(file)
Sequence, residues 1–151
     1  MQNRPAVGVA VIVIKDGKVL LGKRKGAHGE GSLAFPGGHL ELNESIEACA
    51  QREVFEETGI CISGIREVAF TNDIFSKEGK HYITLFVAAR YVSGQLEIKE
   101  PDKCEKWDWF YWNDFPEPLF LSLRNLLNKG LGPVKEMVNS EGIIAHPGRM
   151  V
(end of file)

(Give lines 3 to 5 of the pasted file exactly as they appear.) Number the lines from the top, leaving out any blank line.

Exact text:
    51  QREVFEETGI CISGIREVAF TNDIFSKEGK HYITLFVAAR YVSGQLEIKE
   101  PDKCEKWDWF YWNDFPEPLF LSLRNLLNKG LGPVKEMVNS EGIIAHPGRM
   151  V